Arlo was funny at Stormwater Park. He seemed to think it was quite mandatory that he walk right in the skinny little foot path, and not on the grass to either side. The path is too narrow for us to transverse side by side. Problem is, if left to set the pace, he is far too slow. So we ended up taking the lap with him mostly on my heels. In addition to the resident great blue, who flew over and squonked at us twice, we saw several egrets. One of the cutest things about Arlo is that when I return from taking him for him morning walk, the very first thing he does upon deleashing is run upstairs to make sure SodaBoy is still in bed where he left him.

Saturday, August 19, 2006

Rainy Day Deer

When asked about our new house, among other details, I always say, "it’s a quiet neighborhood." Actually, most days this summer it has been quite bustling, vibrant with activity: children playing, cats howling, people walking their dogs, mowing their lawns, gardening. Today, however, it is raining. Not pouring, just a slow and steady drum, a constant presence. It will continue to rain all day and through the night, no doubt about it. And today, our neighborhood is truly quiet. All the people have melted into their own cozy shelters. The wild creatures relax a bit, and tentatively blurring the edges of our world and theirs, step forth. I love seeing the doe with her fawn, the coyote, the woodchucks, the cottontails. They are always welcome in our yard, always cause for excitement.

But I miss the weeding. What a funny thing to say, hard to imagine what might inspire such sentimentality for such a mundane chore. And yet... every day this past week, I've weeded for 30-45 minutes. This was not the vigorous cardio variety of yard work that I did last Friday. No, although that is certainly satisfying as well, producing more dramatic and appreciable results both in the gardens and in the self, in the form of good, honest sweat. This weeding has been much calmer, contemplative, even sedate. Our back yard has large ivy beds wending along the north side of the property, and also along the back under the Norway spruces and paper birch that provide such lovely screening, a gateway to our woods.

Previous owners have neglected the yard in general, and it contains a blank canvas of possibilities. We like the ivy, a pleasing mix of English ivy and periwinkle. But the lawn seems to like it as well, and tall grass is merrily encroaching into the ivy, feeling out the potential for conversion. This proselytizing must be stopped at all costs. And so I've parked myself cross-legged, tracing each invading grass blade back to its base, taking care to extract only the intruder and not the ivy it winds amongst. A mindful activity, with slow progress. I've limited the daily duration of the weeding, due in part to the slope of the yard, as it tires the back. But today the rains have come, slow and steady, and yes, I miss the weeding.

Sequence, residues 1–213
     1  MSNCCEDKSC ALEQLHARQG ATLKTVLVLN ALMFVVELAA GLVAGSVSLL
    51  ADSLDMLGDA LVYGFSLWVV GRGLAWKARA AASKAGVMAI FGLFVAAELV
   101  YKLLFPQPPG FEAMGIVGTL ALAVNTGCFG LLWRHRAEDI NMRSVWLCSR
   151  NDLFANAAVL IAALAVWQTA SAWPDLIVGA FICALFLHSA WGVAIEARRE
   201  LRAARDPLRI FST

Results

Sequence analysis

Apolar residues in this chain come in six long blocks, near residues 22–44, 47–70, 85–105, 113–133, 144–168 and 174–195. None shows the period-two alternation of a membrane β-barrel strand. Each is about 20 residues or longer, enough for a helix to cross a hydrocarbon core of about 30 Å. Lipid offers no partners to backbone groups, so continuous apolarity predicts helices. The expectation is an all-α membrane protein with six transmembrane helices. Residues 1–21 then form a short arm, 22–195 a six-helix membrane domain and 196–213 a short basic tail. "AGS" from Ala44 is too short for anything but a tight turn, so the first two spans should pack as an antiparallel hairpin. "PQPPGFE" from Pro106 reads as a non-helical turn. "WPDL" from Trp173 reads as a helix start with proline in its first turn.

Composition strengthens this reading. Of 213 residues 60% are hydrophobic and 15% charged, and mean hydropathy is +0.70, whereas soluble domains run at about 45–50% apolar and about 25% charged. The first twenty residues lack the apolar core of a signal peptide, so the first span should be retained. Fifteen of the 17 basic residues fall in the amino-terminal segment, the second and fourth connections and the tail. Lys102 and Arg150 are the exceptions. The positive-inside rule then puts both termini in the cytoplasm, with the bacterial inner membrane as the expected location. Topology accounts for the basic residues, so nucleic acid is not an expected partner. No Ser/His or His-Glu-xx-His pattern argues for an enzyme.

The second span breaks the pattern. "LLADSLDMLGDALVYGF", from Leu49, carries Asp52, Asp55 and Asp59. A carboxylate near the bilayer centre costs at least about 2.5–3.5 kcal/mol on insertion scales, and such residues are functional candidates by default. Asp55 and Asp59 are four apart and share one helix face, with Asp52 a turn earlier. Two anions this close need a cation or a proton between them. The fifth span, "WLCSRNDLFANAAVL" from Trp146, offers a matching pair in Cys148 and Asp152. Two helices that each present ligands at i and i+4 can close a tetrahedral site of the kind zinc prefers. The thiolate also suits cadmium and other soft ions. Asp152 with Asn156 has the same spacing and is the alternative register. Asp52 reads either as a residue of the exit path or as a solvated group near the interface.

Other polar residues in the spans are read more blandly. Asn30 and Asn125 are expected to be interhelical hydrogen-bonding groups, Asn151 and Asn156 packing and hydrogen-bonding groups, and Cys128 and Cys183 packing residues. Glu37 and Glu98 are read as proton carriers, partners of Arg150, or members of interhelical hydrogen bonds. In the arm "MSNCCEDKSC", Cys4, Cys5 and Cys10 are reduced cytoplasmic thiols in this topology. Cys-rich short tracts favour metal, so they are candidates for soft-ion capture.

Thursday, August 10, 2006

I Suck at Cleaning

I cannot say for certain, as I removed my watch at the start of the process, but I do believe I spent the last hour cleaning my bathroom. Results being that:

(1) I am sweating profusely,
(2) my arms and legs itch furiously,
(3) I reek of chemicals, and
(4) I need to pee but don't want to the sully the place up.

Well, in the interest of full disclosure, the floor is still drying and I don't want to walk on it. A word of advice to anyone in the market for a new bathtub: do not even consider for one teensy fleeting moment buying one with built-in anti-slip protuberi. Not fun to clean. Somehow I never noticed them the first couple times I cleaned it. I must have waited longer this time. Sigh.

Wednesday, August 02, 2006

Heat Wave

We did make it to Waterfall State Park yesterday, despite all my whining. I should explain that the waterfalls there are quite large and dramatic, and incidentally, provide habitat to some rare snails. WSP snails are cool because they are endemic, found nowhere else in the world. The area around the base of the falls is closed off to protect the snails from trampling, so most people (including me) never actually see any. And that's OK with me: just knowing they are there is enough to make me happy. But I digress. WSP is one of our very favorite places to go when it’s hot like this, brutally soul-suckingly HOT. We go downstream from the falls, away from the snails and the trails, and just sit in the water.

There were only two cars in the lot when we arrived, promising an unexpected degree of privacy. Because of all the rain we've had lately, the water level was higher than in similar trips in past years , and the current thus swifter, making the creek walking more challenging. We went down to our spot and swam--I was actually sweating in the water trying to swim upstream, the current was so strong. Then I remembered we came to cool off, and we just sat in the water, relaxing. Crawled out on some big shaded rocks and read.

Eventually, SodaBoy finished his book and got restless, so we packed up and headed back along the bank, taking pictures. I was wholly uninspired with the photography, still drained from the heat and lack of sleep despite the soothing respite. And there was a shadow across the falls making exposures difficult. Humbug. I did get some good shots of a snapping turtle, though. We submerged ourselves again before heading back up the stairs.

Stopped at Wegmans on the way home, and got Coho salmon & asparagus that SodaBoy grilled for dinner after we showered. Sat around the house sweating miserably for the rest of the evening. I went to bed around midnight, with three fans running in the bedroom. Slept horribly, constantly waking up sweating.

Got up this morning, and went downstairs, where it is somewhat cooler: 86 degrees in the living room. Hotter outside though, of course. Made a cup of tea and went back to bed to read in front of the fans. Got back up, took a cold shower. Now I'm back to sitting in my underwear in front of the fan again. I am not cut out for this shit. I cannot stand it.

Tuesday, August 01, 2006

Drama Queen? Who me?

I am sitting here in front of the fan, not moving, wearing only my bra & panties, with my hair pinned up, after a long cold shower. The sweat is still pouring off me. It is hopeless. There is a reason that hell is depicted as a hot place.

We were planning to go to Waterfall State Park, but I might die first.